As with other robo advisors, how WealthBar works is you first start off by signing up for an account.  You can do this in the comfort of your own home, wearing your pyjamas, and drinking wine (an introvert's dream).

Then they ask a series detailed questions, collect your Social Insurance Number, ask you to take a picture of your government-issued ID and then you're off to the account creation races.

Because you're cutting out the middle man (the big bank and their massive maintenance costs) you save considerable money on the Management Expense Ratio fees (something you can say about all of the robos we've looked at).

As with other robo advisors, when it comes to re-balancing Wealthbar will automatically adjust your asset allocation if it deviates from your original target by more than 5%, when distributions or contributions are made to the account, and at a minimum quarterly.

What WealthBar Will Cost You

WealthBar has a multi-tiered pricing system and charges a fee dependent on your portfolio value.  The fee that you pay WealthBar includes transaction costs, administrative costs, and financial planning.  If your fees are in a tax deductible account, you can deduct the fees on your tax returns.

  • If you have less than $5,000, management is free.
  • If you have $5,000-$150,000, it costs 0.60%
  • If you have $150,000-$500,000 it costs 0.40%
  • If you have over $500,000 to invest, it costs 0.35%

In addition to these fees, there will be a fee of 0.29% – 0.35% depending on which exchange traded funds they have invested in for you.  While these fees are slightly higher than the ones you'll find in our Wealthsimple review, they are still lower than comparable costs that you'll see in our BMO SmartFolio review and RBC InvestEase review.  Overall, they are very competitive and when taking account the excellent reputation that Wealthbar is building (as of early 2018) when it comes to customer service, it could certainly be considered a bargain!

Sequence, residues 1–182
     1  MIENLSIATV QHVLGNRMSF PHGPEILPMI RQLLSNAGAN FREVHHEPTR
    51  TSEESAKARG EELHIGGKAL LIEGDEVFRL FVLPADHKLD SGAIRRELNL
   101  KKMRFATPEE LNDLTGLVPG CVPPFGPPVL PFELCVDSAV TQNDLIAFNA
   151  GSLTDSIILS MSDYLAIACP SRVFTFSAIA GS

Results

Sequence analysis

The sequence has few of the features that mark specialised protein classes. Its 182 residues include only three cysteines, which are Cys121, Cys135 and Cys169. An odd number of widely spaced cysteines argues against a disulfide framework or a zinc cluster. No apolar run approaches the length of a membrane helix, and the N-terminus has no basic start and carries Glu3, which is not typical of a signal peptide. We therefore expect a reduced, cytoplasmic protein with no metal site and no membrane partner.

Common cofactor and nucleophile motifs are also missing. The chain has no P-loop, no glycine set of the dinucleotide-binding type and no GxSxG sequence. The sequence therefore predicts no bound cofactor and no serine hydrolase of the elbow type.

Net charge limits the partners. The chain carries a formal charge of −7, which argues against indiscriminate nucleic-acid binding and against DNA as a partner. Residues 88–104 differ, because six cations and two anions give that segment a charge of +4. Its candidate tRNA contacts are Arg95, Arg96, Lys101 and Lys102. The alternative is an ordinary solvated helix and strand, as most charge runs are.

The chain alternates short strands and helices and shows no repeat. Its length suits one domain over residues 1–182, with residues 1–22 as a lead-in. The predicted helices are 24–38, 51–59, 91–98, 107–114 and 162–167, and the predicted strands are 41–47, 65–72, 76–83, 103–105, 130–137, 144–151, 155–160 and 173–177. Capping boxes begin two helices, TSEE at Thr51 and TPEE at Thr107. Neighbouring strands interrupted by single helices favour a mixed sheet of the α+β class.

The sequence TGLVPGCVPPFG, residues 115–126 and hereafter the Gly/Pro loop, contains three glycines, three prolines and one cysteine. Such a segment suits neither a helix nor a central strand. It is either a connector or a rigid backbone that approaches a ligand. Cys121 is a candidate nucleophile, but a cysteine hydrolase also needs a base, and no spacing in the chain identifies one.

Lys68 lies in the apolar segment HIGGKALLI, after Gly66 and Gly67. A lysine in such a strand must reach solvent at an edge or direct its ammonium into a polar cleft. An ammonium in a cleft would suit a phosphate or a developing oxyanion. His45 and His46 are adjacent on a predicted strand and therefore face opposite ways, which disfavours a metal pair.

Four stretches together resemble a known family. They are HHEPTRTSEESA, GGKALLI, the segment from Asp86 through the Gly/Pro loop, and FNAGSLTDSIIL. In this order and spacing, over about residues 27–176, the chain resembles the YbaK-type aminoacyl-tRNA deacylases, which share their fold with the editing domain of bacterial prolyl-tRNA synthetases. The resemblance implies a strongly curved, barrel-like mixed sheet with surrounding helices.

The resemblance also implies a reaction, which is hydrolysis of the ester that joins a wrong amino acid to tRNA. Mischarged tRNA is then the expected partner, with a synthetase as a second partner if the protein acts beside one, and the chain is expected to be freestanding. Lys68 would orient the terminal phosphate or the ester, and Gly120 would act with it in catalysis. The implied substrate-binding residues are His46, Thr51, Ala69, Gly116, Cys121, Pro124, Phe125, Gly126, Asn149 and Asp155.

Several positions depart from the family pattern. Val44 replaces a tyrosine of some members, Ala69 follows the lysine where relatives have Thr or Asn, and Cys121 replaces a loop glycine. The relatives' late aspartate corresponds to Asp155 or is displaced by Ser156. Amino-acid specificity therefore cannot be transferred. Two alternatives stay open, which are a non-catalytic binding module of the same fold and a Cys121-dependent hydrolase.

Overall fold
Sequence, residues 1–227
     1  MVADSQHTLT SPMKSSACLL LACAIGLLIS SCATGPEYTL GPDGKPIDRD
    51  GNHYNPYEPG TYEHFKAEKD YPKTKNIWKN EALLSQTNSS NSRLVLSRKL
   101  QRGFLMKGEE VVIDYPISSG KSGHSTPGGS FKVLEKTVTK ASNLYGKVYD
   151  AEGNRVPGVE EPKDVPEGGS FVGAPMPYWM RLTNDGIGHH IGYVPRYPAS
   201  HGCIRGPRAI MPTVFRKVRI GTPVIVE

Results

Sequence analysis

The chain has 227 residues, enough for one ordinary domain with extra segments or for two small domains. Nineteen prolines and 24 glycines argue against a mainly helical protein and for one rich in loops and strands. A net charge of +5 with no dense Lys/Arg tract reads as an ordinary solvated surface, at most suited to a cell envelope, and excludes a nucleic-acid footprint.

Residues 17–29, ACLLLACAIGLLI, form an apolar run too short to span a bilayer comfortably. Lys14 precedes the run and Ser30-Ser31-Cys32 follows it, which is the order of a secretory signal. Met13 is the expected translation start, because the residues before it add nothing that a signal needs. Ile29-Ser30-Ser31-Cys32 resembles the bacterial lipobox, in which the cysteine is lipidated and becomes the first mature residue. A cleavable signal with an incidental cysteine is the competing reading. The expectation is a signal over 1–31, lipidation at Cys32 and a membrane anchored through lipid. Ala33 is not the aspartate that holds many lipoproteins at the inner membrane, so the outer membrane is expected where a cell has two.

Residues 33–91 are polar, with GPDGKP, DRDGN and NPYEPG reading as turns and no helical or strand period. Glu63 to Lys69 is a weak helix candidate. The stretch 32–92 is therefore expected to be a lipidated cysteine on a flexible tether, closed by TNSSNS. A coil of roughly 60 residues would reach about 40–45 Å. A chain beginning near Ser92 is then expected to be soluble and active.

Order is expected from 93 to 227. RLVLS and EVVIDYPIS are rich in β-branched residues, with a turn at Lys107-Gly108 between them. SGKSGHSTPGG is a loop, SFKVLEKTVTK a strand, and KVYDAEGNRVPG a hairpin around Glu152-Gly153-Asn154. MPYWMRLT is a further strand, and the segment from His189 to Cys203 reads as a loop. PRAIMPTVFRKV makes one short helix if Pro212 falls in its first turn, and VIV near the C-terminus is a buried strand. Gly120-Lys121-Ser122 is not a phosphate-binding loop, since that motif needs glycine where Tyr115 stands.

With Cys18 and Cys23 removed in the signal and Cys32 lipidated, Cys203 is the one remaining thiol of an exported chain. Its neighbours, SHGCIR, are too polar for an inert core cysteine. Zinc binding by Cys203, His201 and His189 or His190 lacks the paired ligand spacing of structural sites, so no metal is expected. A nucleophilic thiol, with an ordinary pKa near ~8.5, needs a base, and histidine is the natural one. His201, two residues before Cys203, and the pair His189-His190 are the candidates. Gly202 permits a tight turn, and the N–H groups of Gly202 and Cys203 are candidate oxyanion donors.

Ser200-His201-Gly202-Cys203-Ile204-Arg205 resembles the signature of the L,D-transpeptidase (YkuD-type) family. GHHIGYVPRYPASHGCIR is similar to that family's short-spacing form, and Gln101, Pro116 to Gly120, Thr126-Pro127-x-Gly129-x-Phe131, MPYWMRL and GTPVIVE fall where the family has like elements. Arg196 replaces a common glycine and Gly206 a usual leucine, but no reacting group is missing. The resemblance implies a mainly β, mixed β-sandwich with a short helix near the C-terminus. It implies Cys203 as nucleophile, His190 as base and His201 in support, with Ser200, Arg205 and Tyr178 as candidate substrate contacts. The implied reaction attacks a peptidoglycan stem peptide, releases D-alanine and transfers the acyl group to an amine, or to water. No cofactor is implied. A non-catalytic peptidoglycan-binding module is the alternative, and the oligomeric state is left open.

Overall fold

Types of Accounts Available

It is difficult to find the types of accounts available on WealthBar, but seemingly, the types of accounts available include:

  • TFSA
  • RRSP
  • Spousal RRSP
  • RESP
  • Corporate Non-Registered Account
  • LIRA- Locked In Retirement Account
  • Joint Non-Registered Savings Account
  • RRIF and Spousal RRIF
  • LIF
  • Open-Non-registered accounts

The portfolios depend on your risk level and there are a number of different portfolios depending on what you are investing for and your risk tolerance.  When you invest with WealthBar, they will create a portfolio for you comprised of 8-10 exchange traded funds.

These are the funds that WealthBar uses. It is an interesting collection of exchange traded funds, I had never heard of NWM as an ETF, then looking it up realized that NWM is a pooled fund and not an ETF. And NWM is Nicola Wealth Management, which owns a stake in WealthBar and is a portfolio management company for high net worth individuals. As you can see their MER is a little higher than the rest, which is because these kinds of private investments are normally only available to ultra-wealthy. But, because of WealthBar’s ties to Nicola Wealth Management, they are able to offer this more diversified pool of assets (which includes direct real estate and infrastructure holdings) to any Canadian with $1,000 or more to invest. Kind of a neat feature!


Here is a screen shot of the different portfolio options available at WealthBar.


What Makes WealthBar Unique

They’re backed by Nicola Wealth Management – a seasoned portfolio management company with a 40-year proven track record. And, it’s through this relationship that investors get access to their private portfolio – or, their ‘all weather portfolios’ as they call them. These all season portfolios are designed for growth – no matter the market.

The other thing that makes WealthBar stand out is that they’re the only robo advisor in Canada to offer clients their own advisor. Clients build a relationship with ‘their’ advisor, just like high-net-worth investors at the bank do – the difference being that WealthBar investors pay 60% less and they can access their investor conveniently and directly through email, through their website, or by booking a call. WealthBar advisors help clients plan and reach their goals – and that service is all included in their fees.